Guyot, A. (Arnold), 1807-1884

Alternative names
Birth 1807-09-28
Death 1884-02-08
English, French

Biographical notes:

Arnold Henry Guyot was a geographer and the first to formulate laws of structure and movement of glaciers. He published geography textbooks, 1866-1875, and was professor of physical geography and geology at Princeton University, 1854-1884.

From the description of Correspondence, 1857-1882. (American Philosophical Society Library). WorldCat record id: 122316399

Geographer and geologist.

From the description of Letter of A. Guyot, circa 1857. (Unknown). WorldCat record id: 79450594

American geographer and educator.

From the description of Autograph letter signed : Cambridge, Mass., to Rev. Dr. Walker, 1854 June 20. (Unknown). WorldCat record id: 743875364

Arnold Guyot was a Swiss-born American geologist, geographer, and educator. Born in Boudevilliers, near Neuchâtel, Switzerland, he obtained his doctoral degree at Berlin. Between 1839 and 1848 he taught physical geography and history at the Academy of Neuchâtel. In 1948 Guyot came to the United States, and in 1854 he was appointed Professor of Geology and Physical Geography at the College of New Jersey. The following year he began what is now the Department of Geological and Geophysical Sciences and started the institution's first systematic instruction in geology. In 1856 he founded what is now the Princeton Museum of Natural History. Guyot's main activities focused on hypsometric measurements of the eastern mountains from New England to North Carolina, on meteorology, and on the reform of geographic teaching in colleges and secondary schools. Guyot was involved in the formative years of weather forecasting in the United States, and his extensive meteorological observations led to the founding of the U.S. Weather Bureau. Guyot also developed topographical maps of the Appalachian and Catskill mountains. His published works include THE EARTH AND MAN (English translation, 1849), TABLES, METEOROLOGICAL AND PHYSICAL (1859), and CREATION, or THE BIBLICAL COSMOGONY IN THE LIGHT OF MODERN SCIENCE (1884). Guyot's many texts, geographic atlases, and wall charts continued to be published long after his death.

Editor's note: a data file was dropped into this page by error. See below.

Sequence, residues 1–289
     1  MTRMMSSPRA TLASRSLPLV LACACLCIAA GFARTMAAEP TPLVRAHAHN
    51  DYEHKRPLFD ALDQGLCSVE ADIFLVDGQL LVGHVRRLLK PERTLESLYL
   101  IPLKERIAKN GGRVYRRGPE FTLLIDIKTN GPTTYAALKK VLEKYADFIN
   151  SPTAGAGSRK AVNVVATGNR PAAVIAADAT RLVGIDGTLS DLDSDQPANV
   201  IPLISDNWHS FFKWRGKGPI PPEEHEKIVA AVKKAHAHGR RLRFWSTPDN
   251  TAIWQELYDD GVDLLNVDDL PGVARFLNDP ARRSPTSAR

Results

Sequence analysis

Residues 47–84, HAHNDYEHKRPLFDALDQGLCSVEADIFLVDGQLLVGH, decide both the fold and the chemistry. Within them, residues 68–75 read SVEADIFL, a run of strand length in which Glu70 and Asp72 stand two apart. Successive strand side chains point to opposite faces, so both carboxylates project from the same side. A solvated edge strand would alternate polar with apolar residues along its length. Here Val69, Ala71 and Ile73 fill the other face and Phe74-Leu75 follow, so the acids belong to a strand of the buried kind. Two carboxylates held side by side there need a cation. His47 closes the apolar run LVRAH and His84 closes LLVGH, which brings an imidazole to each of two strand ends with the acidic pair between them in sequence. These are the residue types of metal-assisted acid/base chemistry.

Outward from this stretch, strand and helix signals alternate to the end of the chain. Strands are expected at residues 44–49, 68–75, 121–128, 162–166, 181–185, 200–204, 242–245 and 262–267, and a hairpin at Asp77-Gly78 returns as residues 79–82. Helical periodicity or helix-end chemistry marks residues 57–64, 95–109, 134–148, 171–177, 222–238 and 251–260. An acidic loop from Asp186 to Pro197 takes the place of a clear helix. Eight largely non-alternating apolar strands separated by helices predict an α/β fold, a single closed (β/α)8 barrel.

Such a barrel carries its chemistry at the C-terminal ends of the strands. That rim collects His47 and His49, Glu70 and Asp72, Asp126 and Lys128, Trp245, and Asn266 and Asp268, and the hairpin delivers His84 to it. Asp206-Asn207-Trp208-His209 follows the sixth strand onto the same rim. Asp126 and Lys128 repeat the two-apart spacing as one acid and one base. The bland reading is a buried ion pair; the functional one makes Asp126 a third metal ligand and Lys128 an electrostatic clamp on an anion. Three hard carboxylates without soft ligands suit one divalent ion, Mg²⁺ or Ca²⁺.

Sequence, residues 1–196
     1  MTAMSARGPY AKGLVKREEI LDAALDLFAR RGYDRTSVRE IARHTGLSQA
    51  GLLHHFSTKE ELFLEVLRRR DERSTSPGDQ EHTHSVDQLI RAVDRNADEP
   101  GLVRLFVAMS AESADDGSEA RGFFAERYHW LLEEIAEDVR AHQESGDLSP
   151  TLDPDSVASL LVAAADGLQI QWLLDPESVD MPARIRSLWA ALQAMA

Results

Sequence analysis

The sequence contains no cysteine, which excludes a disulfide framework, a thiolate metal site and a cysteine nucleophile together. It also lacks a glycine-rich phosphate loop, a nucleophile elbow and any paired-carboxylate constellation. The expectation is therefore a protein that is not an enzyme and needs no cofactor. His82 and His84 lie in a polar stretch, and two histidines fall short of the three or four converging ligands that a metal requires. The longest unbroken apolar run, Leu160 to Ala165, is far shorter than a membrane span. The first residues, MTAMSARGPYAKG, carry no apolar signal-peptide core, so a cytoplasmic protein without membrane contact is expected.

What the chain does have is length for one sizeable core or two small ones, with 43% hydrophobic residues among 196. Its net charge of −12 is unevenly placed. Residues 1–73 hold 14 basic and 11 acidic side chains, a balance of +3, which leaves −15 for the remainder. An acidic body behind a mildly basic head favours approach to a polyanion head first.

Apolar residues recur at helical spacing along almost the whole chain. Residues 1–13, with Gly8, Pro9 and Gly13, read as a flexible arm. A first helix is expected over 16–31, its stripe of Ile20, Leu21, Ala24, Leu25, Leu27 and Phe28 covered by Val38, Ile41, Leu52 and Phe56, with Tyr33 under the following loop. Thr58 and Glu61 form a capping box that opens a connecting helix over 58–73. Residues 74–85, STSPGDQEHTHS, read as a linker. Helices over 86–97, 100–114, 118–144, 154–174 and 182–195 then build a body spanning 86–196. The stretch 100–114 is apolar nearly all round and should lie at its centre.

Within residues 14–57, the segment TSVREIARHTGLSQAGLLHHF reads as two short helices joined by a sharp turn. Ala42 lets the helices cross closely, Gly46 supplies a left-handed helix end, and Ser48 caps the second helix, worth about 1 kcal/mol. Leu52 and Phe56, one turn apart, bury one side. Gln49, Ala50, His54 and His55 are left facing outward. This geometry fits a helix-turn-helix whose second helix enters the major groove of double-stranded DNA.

From the description of Arnold Guyot collection, 1829-1928. (Peking University Library). WorldCat record id: 74213228